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Watch: Guardian's Greenwald defends leak as essential to democracy

Some critics have charged Guardian reporter Glenn Greenwald with endangering security after he published top secret U.S.
Guardian reporter Glenn Greenwald on Morning Joe.
Guardian reporter Glenn Greenwald on Morning Joe.

Some critics have charged Guardian reporter Glenn Greenwald with endangering security after he published top secret U.S. materials given to him on the details of the National Security Agency's surveillance activities on Americans.

On Monday's Morning Joe, Greenwald defended himself saying that the U.S. government has abused its powers of secrecy to avoid accountability, so a massive leak was the only way to make the public aware.

Greenwald said that many attempted to hold these surveillance activities accountable in court or through public discourse, but the government had stopped it.

Several senators attempted to warn Americans about the surveillance, but were constrained by their legal obligation to keep secret information under wraps, he said. “Just go and Google Ron Wyden and Mark Udall and the Patriot Act and what you will see is those senators who are on the Senate Intelligence Committee have been trying to warn Americans vocally as they can for years,” he said.

Two Democratic senators, Oregon's Sen. Ron Wyden and Colorado's Sen. Mark Udall, wrote in a letter to Attorney General Eric Holder, that “there is a significant gap between what most Americans think the law allows and what the government secretly claims that allows,” referring to the Patriot Act’s section 215, which the government says makes it legal to broadly monitor Americans’ communications.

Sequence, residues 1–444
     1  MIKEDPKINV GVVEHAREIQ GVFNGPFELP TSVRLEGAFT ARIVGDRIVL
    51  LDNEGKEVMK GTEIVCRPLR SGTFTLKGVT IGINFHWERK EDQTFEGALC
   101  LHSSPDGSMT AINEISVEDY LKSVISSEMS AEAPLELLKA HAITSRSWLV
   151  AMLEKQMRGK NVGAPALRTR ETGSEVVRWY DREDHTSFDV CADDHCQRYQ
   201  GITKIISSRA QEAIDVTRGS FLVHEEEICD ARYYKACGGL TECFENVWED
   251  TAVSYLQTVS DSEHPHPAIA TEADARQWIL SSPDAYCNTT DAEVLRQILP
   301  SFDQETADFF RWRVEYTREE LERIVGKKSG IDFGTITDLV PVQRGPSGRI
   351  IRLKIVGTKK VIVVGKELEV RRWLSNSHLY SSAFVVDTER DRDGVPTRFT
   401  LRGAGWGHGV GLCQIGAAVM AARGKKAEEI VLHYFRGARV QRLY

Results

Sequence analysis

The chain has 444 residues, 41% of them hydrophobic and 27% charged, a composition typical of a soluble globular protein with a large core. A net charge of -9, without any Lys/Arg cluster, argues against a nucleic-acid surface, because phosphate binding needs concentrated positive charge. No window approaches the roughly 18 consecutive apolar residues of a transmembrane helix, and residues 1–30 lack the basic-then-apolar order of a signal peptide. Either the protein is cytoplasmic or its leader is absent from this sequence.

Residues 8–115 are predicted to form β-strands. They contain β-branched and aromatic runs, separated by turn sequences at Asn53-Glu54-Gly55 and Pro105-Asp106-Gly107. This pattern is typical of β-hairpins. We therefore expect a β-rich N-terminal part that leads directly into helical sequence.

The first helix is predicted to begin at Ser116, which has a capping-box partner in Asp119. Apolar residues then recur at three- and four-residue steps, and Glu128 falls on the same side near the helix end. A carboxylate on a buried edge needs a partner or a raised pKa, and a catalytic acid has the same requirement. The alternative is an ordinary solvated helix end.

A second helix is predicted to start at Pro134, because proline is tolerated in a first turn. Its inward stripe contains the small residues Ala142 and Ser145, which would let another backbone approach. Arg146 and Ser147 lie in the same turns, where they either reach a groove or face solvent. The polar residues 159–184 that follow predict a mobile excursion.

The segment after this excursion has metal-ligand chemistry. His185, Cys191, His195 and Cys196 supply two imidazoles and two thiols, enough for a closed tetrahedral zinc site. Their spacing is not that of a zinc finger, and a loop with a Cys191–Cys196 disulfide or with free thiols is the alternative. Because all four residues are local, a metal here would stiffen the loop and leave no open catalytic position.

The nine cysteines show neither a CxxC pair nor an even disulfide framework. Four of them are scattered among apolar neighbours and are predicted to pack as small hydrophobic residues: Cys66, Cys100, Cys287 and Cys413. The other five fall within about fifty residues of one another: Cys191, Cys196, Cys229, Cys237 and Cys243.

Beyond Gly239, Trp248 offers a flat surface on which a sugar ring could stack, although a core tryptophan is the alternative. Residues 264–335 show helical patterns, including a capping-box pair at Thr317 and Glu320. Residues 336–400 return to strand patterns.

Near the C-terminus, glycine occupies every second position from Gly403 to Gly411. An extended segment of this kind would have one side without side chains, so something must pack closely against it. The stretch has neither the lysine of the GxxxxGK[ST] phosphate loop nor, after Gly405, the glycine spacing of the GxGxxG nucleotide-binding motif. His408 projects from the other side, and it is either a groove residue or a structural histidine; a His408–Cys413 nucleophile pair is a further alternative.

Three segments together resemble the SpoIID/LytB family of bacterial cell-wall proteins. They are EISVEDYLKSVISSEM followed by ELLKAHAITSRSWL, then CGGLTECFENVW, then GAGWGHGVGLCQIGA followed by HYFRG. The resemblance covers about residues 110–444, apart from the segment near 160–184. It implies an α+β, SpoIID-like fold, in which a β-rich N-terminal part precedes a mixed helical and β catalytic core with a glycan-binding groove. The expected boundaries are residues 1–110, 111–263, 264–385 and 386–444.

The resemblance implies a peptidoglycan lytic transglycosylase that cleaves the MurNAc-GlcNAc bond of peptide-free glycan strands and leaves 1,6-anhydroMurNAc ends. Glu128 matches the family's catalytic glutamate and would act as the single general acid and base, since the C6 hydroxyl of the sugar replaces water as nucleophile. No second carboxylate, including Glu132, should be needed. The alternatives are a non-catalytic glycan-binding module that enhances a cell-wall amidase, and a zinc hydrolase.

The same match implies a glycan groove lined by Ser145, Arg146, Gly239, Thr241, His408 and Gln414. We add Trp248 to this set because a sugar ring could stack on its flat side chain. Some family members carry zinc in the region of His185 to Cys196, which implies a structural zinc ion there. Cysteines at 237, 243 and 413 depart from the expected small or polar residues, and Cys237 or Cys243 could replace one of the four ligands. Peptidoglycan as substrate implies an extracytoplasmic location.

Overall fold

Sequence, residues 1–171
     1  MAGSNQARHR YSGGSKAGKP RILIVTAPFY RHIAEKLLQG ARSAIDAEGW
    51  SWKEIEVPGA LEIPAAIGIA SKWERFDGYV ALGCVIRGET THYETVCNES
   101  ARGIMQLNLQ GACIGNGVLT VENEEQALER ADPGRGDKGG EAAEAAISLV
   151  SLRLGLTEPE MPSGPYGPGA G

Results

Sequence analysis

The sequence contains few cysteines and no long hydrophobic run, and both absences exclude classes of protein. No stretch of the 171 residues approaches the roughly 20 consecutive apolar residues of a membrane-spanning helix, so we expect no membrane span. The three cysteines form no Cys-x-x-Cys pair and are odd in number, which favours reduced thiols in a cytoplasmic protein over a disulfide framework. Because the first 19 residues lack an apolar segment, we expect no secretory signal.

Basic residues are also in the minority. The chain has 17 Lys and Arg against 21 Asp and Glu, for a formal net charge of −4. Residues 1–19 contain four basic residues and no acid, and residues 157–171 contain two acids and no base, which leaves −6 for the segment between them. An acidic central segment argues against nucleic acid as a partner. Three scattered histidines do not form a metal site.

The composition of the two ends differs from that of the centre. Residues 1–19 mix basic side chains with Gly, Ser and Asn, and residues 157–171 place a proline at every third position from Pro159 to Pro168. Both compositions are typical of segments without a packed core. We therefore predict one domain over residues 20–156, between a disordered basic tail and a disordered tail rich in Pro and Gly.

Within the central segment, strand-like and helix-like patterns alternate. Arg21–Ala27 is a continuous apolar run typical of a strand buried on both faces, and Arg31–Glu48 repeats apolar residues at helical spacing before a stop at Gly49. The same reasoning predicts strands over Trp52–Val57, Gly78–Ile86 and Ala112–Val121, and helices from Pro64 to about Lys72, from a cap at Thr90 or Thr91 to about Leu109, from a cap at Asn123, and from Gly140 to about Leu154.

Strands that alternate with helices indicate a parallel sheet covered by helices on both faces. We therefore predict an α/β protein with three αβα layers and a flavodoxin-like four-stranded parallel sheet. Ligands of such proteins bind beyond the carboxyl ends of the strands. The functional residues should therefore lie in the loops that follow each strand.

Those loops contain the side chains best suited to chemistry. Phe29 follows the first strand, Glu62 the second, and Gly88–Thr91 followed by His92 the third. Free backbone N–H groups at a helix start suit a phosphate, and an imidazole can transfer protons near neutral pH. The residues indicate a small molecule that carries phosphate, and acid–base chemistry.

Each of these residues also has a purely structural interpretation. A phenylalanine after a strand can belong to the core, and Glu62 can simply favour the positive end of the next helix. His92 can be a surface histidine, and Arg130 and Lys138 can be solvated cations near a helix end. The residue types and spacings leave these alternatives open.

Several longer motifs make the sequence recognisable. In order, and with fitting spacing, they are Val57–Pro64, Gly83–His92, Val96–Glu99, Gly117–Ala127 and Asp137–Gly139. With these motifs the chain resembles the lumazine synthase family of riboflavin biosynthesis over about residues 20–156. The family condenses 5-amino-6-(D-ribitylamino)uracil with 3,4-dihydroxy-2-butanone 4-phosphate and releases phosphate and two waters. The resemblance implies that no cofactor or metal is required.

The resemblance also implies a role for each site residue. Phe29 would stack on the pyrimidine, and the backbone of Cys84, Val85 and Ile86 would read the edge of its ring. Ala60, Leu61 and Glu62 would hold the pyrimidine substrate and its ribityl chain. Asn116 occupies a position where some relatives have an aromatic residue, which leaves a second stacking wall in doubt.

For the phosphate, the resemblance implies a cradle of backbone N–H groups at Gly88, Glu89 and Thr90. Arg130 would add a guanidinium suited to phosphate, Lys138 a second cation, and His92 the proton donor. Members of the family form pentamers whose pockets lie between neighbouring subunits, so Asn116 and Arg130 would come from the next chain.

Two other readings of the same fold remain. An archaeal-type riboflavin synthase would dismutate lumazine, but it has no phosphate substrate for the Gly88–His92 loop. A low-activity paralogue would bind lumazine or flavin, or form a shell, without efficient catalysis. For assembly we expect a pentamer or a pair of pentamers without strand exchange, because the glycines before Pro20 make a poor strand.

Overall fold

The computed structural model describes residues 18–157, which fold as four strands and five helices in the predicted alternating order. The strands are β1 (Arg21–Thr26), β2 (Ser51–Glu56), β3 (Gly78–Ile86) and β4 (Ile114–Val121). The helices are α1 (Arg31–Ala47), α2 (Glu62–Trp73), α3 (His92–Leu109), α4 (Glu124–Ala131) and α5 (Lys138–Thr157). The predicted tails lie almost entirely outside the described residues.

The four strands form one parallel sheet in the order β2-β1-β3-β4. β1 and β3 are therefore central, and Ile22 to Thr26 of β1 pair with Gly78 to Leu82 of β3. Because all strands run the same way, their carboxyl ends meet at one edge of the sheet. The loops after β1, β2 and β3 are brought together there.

“You can say all you want that the White House has gone to Congress and briefed them on it, but when you impose restraints on what they can do about it, even their ability to warn the American public about it, that kind of consultation is impotent,” Greenwald said.

Greenwald added that the U.S. government is abusing “their secrecy powers to shield from the American public, not programs that are designed to keep America safe and not to prevent disclosures that would help the terrorists, but to conceal their own actions from the people they are supposed to be democratically accountable to.”

His remarks echo those by Edward Snowden who has come forward to say he is the source of the leaks to Greenwald and Washington Post reporters.

"It took a brave whistleblower to come forward and tell us," Greenwald said of Snowden.

Several lawmakers have said Snowden, a government contractor working with Booz Allen Hamilton, with compromising national security by leaking the information.

Rep. Mike Rogers, the Republican chairman of the House Intelligence Committee, slammed Snowden and Greenwald on ABC's This Week, saying "[Greenwald] doesn't have a clue how this thing works. Neither did the person who released just enough information to be dangerous."

Greenwald disagreed: “The only people who have been harmed are those in power who want to conceal their actions and wrongdoing from the people who they’re supposed to be accountable."

He also promised "there's a lot more coming" in these types of stories from him.